Part of a series for our CWOTI study group, this session we are reading “Inspired” by Rachel Held Evans.
War Stories. War. Pain. Death. Blood. Violence.
The Israelites, with God’s promise of victory, with his command to take the land and slay all living things, women, children, cattle, and donkeys, went into the Promised Land and took it.
Later, in Judges, there is more violence. Young virgin girls are divided up like gold coins. Others are gang raped and dismembered.
Seriously. It’s all in there. And with God’s blessing. Or at least with His silence.
What. The. F*ck.
“If the Bible teaches that God is love, and love can look like genocide and violence and rape, then love can look like… anything. It’s as much an invitation to moral relativism as you’ll find anywhere.”
Ouch. Yeah. If love can look like anything, then people will make it anything. The God that can love your entire civilization to death, then he can love you personally with cancer and an abusive relationship and a government that wants to control your body parts.
Dude, that’s seriously messed up.
The author in this chapter is all over the place. She doesn’t seem to be able to find a path. In fact towards the end of the chapter she straight up admits that she still hasn’t figured out that to do with the “Texts of Terror” as she calls them and at the end she says that we can only see them through Jesus and leave it at that.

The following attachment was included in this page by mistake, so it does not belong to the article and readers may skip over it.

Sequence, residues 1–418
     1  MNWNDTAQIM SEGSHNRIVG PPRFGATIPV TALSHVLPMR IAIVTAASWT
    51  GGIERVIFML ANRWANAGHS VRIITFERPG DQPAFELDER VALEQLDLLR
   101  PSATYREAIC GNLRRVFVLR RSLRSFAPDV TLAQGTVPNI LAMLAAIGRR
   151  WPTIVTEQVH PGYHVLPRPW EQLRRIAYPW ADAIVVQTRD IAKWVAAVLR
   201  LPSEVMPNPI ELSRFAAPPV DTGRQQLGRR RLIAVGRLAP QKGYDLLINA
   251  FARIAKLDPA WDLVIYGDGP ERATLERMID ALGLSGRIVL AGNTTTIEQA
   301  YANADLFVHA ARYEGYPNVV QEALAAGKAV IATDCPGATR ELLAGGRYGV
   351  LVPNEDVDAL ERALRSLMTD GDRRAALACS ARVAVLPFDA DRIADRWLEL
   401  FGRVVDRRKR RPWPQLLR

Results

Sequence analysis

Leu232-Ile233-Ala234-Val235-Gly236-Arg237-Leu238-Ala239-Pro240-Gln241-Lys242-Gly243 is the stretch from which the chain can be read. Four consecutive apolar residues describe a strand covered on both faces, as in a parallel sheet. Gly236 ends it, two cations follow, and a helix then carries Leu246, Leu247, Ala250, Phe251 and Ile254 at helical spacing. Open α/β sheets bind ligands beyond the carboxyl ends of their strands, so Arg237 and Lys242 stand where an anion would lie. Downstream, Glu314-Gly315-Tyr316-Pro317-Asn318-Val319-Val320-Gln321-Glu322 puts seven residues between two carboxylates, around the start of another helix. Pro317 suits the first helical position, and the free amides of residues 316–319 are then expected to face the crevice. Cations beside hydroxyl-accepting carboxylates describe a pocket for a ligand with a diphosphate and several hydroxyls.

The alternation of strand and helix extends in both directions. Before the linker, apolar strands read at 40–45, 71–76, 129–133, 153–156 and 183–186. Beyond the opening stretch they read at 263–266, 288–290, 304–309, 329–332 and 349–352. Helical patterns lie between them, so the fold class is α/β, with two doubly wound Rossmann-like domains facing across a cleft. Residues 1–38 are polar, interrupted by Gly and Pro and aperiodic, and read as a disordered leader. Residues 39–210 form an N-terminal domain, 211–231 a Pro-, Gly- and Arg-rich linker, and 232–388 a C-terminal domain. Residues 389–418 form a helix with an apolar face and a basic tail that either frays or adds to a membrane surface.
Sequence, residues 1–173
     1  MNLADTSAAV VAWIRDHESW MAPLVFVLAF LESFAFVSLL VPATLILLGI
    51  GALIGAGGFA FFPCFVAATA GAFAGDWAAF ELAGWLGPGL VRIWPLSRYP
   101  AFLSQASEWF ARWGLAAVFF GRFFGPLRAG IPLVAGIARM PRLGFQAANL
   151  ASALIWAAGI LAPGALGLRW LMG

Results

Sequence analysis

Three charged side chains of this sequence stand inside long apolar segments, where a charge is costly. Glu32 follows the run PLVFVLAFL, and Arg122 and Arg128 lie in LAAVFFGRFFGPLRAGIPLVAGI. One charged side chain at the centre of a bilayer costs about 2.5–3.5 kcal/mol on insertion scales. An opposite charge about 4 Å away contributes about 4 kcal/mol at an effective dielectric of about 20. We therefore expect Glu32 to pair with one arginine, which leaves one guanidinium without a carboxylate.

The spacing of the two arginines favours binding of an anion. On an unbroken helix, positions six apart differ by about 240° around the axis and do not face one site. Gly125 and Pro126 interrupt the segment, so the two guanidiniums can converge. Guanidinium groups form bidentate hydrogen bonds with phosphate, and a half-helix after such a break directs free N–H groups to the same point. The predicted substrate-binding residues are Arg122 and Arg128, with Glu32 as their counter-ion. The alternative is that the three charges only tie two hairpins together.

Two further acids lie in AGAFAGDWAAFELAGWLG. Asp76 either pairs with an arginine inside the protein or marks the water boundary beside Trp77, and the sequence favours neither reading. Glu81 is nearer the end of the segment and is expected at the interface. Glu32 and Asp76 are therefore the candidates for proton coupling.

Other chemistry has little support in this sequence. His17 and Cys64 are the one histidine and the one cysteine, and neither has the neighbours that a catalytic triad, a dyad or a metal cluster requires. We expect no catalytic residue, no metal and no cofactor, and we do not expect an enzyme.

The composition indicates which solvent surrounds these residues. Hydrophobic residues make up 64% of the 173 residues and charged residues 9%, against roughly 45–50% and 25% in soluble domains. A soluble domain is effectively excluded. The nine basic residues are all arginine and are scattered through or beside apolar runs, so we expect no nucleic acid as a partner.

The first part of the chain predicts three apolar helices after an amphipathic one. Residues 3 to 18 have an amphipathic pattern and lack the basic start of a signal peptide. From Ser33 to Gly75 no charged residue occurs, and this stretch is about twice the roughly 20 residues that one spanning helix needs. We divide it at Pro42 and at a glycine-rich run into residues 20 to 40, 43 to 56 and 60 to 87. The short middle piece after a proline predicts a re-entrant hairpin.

And while I get that, I don’t quite agree. She makes a couple of points that I feel are important:
“Israel told its war stories with flourish, using the language and literary conventions that best advanced the agendas of storytellers.”
“In other words, the authors of Scripture, like the authors of any other work … wrote with agendas.”
While inspired by God, in the end the Bible is a construction of man. And the stories told of the Israelites were written by the winners, and maybe generations after said events happened.
But again, why does God allow these stories to be preserved? Are they to be an example as some have claimed in their actions against indigenous populations in the 17th century and following? Or are they warnings? Preserved as examples of a stiff-necked people of the type of things we are NOT to do, claiming we have God’s blessing when we’re actually twisting what God said to match our own agendas?
I don’t know. These are painful things to read about and they certainly don’t match the God we see through Christ in the Gospels that says to love your enemies and lay your life down for your friends.
Chapter 3 has left me with more uncomfortable feelings than answers. If someone who has dug deeper into the meanings of these stories than I have doesn’t have a satisfactory answer for their existence, then what am I to make of them?
And what am I to do with those, in our modern age, who use the agenda of the Bible (in their own opinions) as a weapon against women, against the LGBTQIA+ community, against science and common sense?
Can’t get my brain around it. Other than to see everything through Christ and answer with patience and love.